• “When the Erie Canal was opened on Oct. 26, 1825, the fact was known in New York City, 425 miles away, within 81 minutes. This was before the advent of radio or telegraph. How was it done?

    Cannons were placed along the length of the canal and the Hudson River, each within earshot of the last. When the crew of each cannon heard the boom of its upstream neighbor, it fired its own gun.

    As a result, New Yorkers knew within an hour and half that they had a navigable route to the Great Lakes — the fastest news dispatch, to that date, in world history.”

    tags: speed sound weekly wcydwt math geography history itrt

  • “Flows of Reading takes this process to the next level. We have created a rich environment designed to encourage close critical engagement not only with Moby-Dick but a range of other texts, including the children’s picture book, Flotsam; Harry Potter; Hunger Games; and Lord of the Rings. We want to demonstrate that the book’s approach can be applied to many different kinds of texts and may revitalize how we teach a diversity of forms of human expression.  We look at many different adaptions and remixes of Moby-Dick from the films featuring Gregory Peck and Patrick Stewart as Ahab to MC Lar’s music video, “Ahab” and Pitts-Wiley’s Moby-Dick: Then and Now stage production to works that evoke Moby-Dick less directly, including Star Trek: The Wrath of Khan and Battlestar Galacitca‘s “Scar.”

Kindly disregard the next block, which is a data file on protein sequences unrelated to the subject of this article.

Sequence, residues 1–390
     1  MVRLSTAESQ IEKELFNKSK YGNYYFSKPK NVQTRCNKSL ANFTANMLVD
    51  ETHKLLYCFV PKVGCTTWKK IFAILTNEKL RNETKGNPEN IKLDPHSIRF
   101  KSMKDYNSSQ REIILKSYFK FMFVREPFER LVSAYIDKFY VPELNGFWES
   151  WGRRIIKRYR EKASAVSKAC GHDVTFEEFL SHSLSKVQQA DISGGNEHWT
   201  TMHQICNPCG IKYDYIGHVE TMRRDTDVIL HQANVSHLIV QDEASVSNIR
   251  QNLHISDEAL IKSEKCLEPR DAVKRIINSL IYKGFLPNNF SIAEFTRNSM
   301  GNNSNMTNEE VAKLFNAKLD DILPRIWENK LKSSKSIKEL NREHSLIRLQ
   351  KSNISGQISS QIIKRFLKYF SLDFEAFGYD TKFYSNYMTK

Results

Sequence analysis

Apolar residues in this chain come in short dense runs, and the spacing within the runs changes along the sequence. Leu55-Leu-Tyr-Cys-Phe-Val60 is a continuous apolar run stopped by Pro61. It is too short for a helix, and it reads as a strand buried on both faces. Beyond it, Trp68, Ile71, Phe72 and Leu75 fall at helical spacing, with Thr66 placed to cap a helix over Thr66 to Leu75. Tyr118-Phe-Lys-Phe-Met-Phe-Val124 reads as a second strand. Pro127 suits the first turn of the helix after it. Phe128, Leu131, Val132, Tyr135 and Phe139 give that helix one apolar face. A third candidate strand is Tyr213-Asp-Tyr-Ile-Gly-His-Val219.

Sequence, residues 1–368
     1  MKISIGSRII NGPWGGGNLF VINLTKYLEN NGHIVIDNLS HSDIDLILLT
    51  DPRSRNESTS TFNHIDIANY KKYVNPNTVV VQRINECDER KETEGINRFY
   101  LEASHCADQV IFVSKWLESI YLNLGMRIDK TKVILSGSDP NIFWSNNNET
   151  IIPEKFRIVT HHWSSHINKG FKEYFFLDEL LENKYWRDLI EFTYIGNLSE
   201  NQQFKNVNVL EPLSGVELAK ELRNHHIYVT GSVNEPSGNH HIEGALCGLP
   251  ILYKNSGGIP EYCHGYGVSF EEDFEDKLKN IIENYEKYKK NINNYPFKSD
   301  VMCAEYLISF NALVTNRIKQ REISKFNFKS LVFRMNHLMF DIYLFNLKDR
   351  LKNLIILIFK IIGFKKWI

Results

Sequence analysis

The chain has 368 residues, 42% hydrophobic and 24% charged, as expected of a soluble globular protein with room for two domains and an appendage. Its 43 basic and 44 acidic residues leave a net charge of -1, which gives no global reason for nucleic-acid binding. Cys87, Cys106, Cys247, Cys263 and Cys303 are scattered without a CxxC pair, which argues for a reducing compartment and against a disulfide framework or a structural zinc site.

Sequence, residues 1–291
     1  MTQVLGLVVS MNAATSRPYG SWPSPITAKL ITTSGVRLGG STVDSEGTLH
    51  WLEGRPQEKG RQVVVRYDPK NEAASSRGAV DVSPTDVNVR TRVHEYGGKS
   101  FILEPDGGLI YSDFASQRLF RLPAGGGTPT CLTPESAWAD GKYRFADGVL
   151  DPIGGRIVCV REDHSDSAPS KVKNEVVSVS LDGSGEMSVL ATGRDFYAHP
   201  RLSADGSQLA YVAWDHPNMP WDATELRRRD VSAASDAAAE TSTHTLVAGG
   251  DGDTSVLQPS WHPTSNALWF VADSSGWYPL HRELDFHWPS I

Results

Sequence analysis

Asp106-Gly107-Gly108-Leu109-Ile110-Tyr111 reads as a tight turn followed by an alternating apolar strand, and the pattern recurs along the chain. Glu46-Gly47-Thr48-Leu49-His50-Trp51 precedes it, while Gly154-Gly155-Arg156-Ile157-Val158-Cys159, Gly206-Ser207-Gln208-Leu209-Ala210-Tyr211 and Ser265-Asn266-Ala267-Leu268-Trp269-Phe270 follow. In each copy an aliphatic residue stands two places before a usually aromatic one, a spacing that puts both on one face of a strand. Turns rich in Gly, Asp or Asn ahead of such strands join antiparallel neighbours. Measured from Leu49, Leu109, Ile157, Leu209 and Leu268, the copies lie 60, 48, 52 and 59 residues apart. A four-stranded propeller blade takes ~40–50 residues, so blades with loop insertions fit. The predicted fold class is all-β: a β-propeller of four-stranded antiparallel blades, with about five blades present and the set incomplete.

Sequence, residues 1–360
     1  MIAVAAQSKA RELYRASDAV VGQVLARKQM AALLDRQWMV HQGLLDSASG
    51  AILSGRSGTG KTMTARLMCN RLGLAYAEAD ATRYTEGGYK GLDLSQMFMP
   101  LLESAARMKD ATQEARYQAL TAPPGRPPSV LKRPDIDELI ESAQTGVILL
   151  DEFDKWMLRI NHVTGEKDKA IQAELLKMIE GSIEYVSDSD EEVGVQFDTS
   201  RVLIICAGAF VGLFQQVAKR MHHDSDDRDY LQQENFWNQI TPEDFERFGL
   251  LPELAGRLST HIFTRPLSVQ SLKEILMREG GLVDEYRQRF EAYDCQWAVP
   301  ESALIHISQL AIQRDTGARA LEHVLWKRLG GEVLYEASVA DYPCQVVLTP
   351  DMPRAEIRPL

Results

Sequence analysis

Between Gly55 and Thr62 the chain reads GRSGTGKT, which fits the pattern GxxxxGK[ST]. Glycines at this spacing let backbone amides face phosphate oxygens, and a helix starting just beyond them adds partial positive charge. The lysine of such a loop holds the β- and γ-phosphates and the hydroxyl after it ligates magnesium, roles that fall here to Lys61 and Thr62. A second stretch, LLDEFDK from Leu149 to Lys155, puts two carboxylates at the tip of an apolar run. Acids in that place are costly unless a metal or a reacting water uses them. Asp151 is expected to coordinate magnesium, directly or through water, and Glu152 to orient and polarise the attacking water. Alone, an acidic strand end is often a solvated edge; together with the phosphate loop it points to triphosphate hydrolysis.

tags: transmedia english literature itrt weekly

  • The Sam-I-Am example is pretty beautiful.

    tags: compression math computer quora data itrt wcydwt weekly

Posted from Diigo. The rest of my favorite links are here.

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